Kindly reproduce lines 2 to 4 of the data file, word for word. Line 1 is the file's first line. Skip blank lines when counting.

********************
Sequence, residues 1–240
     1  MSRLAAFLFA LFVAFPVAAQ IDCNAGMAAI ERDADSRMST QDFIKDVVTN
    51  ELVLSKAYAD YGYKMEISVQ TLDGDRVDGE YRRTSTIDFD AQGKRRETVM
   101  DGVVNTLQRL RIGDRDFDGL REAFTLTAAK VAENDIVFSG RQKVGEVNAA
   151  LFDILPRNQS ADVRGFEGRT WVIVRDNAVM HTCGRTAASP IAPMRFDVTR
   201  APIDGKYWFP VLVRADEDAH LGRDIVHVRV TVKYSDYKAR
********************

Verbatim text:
     1  MSRLAAFLFA LFVAFPVAAQ IDCNAGMAAI ERDADSRMST QDFIKDVVTN
    51  ELVLSKAYAD YGYKMEISVQ TLDGDRVDGE YRRTSTIDFD AQGKRRETVM
   101  DGVVNTLQRL RIGDRDFDGL REAFTLTAAK VAENDIVFSG RQKVGEVNAA